We had the good fortune of connecting with Adam Schmidt and we’ve shared our conversation below.
Hi Adam, is there something that you feel is most responsible for your success?
My name is Adam Schmidt, and I am a filmscore mixer and recording engineer based out Los Angeles. So there are many factors that take place in being a freelance mixing engineer, but one of the main things I value in my career is being able to build teams and working relationships with clients over the years. No matter how big or small the project is that I am hired for, I always give 100%. My work is being reflected on the clients art, so it needs to be the best possible. When having these working relationships with clients, the overall final product becomes better and better over time. Just workflow in general becomes smoother and faster, which is very valuable under stressful deadlines. Every client is different, but over time I know the general things that each client will expect. Also having a great line of communication is everything. When doing large recording sessions they need to be able to trust me so I am basically in the background doing my thing, while they are trying to get the best performance possible out of the orchestra. These are ver expensive sessions, so every minute counts. When the composers, directors, and producers are sitting with me, I feel it is very important to have the best attitude possible, and actually try and make it a fun experience for them. The composers have been writing the music for months and the they should be able to sit with me and hear there music come to life and enjoy it. Stressful situations will always occur, but I always strive to problem solve and get the best results possible. Another big factor as a engineer, is being able to handle large sessions and track count. Over the years I have developed my own organization to make my starting template a fast process. Being able to work fast and deliver properly is everything. You have to be able to get the final product delivered and hit deadlines. I have to remember at all times that it it not my music. The composer has been working directly with the director and producers, writing to picture, and thats what has been approved. So my job is to make the music sound as best as possible to the composers liking. So sometimes I have to take a step back and make sure that I don’t get to close to the music and remember that it needs to work within the film.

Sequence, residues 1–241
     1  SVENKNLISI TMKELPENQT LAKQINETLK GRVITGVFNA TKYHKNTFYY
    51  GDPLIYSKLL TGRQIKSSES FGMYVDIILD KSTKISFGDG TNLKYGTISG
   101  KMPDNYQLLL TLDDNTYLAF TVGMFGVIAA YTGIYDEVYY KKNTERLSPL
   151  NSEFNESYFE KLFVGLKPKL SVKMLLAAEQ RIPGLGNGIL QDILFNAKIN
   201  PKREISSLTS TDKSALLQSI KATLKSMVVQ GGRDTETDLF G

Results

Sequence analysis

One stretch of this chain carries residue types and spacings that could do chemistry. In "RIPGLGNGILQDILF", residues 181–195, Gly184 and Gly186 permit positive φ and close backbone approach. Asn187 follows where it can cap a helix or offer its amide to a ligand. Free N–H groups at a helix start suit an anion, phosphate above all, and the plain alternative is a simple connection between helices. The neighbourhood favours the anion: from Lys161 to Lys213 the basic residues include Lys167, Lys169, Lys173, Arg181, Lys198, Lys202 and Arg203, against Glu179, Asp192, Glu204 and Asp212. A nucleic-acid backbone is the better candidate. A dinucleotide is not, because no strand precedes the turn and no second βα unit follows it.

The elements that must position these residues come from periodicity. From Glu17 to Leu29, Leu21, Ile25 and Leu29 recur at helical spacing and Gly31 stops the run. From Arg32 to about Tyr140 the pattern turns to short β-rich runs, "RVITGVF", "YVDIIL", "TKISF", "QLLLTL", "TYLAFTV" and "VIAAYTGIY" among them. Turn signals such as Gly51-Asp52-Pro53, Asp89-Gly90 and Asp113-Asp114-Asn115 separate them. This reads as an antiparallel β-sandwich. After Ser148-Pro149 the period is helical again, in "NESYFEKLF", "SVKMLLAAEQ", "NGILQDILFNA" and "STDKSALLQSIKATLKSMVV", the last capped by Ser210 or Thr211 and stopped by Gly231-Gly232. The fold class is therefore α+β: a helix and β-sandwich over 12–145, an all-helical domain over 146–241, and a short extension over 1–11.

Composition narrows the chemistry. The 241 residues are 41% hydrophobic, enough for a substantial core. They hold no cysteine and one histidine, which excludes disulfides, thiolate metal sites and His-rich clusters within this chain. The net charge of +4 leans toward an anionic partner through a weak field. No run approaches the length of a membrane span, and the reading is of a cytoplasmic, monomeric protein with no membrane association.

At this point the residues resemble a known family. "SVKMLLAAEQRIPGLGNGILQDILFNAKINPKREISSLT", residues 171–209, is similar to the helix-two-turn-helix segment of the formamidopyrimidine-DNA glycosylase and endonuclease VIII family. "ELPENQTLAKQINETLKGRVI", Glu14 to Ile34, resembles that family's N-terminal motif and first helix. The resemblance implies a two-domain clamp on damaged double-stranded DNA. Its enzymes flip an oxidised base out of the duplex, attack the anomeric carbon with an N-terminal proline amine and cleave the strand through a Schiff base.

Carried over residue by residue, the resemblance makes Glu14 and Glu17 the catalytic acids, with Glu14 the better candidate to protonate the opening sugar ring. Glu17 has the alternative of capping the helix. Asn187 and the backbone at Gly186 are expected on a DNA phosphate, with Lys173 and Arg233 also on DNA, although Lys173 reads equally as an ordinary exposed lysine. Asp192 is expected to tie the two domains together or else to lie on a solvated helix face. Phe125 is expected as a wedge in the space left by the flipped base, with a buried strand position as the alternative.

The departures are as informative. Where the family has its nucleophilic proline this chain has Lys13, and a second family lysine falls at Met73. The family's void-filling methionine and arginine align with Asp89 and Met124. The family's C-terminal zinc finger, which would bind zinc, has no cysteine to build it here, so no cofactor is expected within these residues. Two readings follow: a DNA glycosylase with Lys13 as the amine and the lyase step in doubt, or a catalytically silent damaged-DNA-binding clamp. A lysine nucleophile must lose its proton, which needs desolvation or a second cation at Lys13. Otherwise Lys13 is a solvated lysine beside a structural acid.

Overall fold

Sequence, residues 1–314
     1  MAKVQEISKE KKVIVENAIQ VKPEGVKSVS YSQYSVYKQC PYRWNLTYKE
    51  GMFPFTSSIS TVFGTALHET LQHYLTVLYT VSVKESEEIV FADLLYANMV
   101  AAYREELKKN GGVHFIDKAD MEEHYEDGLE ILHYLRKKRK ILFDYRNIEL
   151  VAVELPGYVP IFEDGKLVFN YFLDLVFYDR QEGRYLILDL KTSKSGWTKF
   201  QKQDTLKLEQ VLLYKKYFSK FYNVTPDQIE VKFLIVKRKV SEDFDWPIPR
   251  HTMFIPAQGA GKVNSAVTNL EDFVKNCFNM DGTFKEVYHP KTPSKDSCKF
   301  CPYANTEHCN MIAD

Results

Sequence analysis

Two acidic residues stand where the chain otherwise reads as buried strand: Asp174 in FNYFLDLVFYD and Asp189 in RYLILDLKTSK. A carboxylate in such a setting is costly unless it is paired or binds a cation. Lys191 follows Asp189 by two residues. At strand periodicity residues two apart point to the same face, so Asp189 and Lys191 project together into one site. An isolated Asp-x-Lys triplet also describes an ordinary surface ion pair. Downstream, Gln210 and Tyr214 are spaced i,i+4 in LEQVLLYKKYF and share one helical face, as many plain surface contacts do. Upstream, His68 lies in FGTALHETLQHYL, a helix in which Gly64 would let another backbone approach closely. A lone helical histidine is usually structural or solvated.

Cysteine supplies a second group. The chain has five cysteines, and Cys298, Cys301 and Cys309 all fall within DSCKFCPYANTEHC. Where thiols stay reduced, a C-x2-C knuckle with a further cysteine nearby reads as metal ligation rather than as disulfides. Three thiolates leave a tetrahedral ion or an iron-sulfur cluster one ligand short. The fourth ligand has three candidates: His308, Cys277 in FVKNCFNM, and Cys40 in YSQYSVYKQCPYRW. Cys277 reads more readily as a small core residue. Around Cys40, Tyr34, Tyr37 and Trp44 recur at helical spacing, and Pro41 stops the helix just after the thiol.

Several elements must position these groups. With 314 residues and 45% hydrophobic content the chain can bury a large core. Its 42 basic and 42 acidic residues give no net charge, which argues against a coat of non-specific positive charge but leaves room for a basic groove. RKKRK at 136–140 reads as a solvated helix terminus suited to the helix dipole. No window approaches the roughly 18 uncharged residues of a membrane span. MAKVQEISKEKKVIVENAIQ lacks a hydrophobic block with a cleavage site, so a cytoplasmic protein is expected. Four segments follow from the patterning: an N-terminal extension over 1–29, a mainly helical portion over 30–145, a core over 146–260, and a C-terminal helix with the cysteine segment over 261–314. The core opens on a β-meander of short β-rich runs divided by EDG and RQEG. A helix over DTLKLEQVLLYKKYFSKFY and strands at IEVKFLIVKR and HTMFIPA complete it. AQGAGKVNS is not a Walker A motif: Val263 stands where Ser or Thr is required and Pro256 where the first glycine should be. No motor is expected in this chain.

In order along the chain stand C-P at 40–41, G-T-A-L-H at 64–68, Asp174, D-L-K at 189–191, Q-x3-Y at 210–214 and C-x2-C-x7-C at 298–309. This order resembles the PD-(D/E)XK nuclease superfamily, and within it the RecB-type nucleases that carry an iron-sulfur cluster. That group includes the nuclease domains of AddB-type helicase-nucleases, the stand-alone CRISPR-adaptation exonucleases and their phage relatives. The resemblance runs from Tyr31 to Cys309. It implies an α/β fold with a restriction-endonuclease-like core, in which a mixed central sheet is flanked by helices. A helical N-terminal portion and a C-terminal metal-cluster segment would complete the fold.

Let’s talk shop? Tell us more about your career, what can you share with our community?